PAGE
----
For fitness enthusiasts, the holiday season can be more stressful than it is for most. When it comes to your diet and exercise program, you’re as disciplined as a drill sergeant, and now everyone around you expects you to loosen up, indulge, and just enjoy yourself — they probably throw in the phrase, “for once.” You’ve probably been told to “live a little” by your out-of-shape friends or relatives, and you probably have wanted to say, “I live a lot.”
After all, fitness does greatly contribute to one’s quality of life and state of well-being. But you’ve learned not to preach about diet and exercise and regularly resist the urge to overturn someone’s processed-food packed shopping cart like you’re Jesus sacking the temple. Others — especially those who lack physical discipline — don’t want to hear your advice, because they don’t like being convicted, though they have no problem accusing you of being a stuffed shirt when it comes to enjoying decadent meals. This Thanksgiving, your mother or a sweet aunt or in-law will slide a baked confection under your nose and guilt you into eating it, because she made it “just for you.” That’s never true. The truth is she toiled over that pie and just can’t wait to savor all the compliments.
Thus far, I’ve been describing the average family’s typical holiday response to its token athlete’s stoicism. Take this response and crank it up to 11 if you want to know how my Italian family reacts when I remind them that I’m a vegan. When I once told them I was watching my carbs, their expressions resembled that of Saturday Night Fever’s Mrs. Manero when she learned that her eldest son had left the priesthood. Heresy! Betrayal! I think that more than a few of my aunts worked the rosary beads while praying for my return to pasta. Okay, so what do you do when the holidays hit, and you don’t want to disappoint yourself or others? When you want to stay fit and don’t want to be perceived as a fun-less scrooge? When you don’t want to burden others with your dietary requirements — ma, can you make my sweet potatoes with no butter or sugar?
Here’s my answer: eat. Mangia! Bon appetito! While the word is that people routinely bang on five pounds or more come holiday time, the fact is that most people only gain one or two pounds between turkey day and the final notes of “Auld Lang Syne.” Factor in that most people will not be hitting the gym throughout that time, and chances are good that the gym rat or road warrior who does stick to his workouts won’t damage his physique at all, even if he devours his Aunt Trudy’s pecan pie.
Discipline is a good thing, but it can also tighten the parentheses around a person’s life. If you’re the type who would stick to a low carb diet while on vacation in Italy or abstain from fried foods when touring New Orleans, you might want to consider whether your dietary rigidity is a virtue or a curse. Nutritionists recommend cheat meals. In a recent interview, Secrets Of A 41-year-old Fitness Phenom, Carl Delin, mentioned his weekly pizza fix. Psychologically, the occasional deviation from one’s regimen helps one avoid the feelings of deprivation that often cause people to completely abandon good habits.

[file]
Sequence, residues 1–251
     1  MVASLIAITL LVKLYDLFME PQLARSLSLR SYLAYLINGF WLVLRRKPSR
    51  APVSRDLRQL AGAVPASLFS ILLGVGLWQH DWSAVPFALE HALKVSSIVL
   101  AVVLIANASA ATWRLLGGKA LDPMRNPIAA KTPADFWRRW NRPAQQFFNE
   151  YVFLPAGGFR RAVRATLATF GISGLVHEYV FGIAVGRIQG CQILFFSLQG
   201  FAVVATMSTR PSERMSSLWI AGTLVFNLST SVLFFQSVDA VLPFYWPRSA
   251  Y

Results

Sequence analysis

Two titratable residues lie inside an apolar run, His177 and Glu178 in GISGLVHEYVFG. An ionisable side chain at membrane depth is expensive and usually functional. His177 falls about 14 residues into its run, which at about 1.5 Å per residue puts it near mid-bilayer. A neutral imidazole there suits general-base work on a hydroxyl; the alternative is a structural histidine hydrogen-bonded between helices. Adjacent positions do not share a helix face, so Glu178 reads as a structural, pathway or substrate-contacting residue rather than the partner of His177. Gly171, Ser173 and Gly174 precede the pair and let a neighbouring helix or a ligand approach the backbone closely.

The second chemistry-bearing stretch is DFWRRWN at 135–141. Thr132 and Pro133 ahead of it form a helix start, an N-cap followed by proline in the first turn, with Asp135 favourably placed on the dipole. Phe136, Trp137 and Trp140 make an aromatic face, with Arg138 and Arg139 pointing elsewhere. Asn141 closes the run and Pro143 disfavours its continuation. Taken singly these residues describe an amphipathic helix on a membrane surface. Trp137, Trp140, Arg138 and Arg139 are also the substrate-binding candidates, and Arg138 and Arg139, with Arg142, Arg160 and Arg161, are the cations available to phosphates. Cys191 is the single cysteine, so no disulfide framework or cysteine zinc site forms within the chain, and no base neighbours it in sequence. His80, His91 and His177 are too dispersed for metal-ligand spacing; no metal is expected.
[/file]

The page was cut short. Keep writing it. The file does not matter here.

Finally, if you really want to stick it to those out-of-shape relatives and friends who constantly berate your vigilant healthy lifestyle, show them that you can “have your cake and eat it too.” They probably want to accuse you of lacking self-control, because they see your vigilance about diet and exercise as evidence that you’re secretly afraid of ditching the whole plan after one slip-up. If you can show them that a person can loosen up, be flexible, enjoy life, and be fit, you’ll figuratively swipe the rug out from under their swollen feet. They may be forced to admit that their justification for their self-inflicted poor health is a big fat excuse.
If you’re still not fully comfortable with this if-you-can’t-beat-em-join-em approach to holiday feasting, try the middle ground.
Eat before you show up. I tend to do this before I attend any event at a catering hall, because the food usually disappoints. I end up eating some things here and there, really for the social activity, and enjoy a whole night of not having to defend my normally healthy lifestyle.
Drink lots of water before you eat. Water fills the stomach. People who regularly consume ample amounts of water take in fewer daily calories.
Portions matter. Studies show that people tend to eat less in social settings. Though you may end up eating calorie-dense foods at holiday gatherings, calorie-free conversations may reduce your portions and total caloric intake.
About the Author:
Vincent Corvino’s writing has appeared in several literary journals, among them The Quarterly, New Letters, The Crescent Review and The Blue Moon Review. He is currently the lead singer of the New York City hard rock band, Urbansnake. He is a former student of Zen Buddhist Roshi, Rich Hart, and has trained as a boxer under former WBO Middleweight Champion, Doug Dewitt. He possesses an MA in Education from Columbia University and a Post-Graduate Certificate in School Leadership. He has been an English teacher since 1996.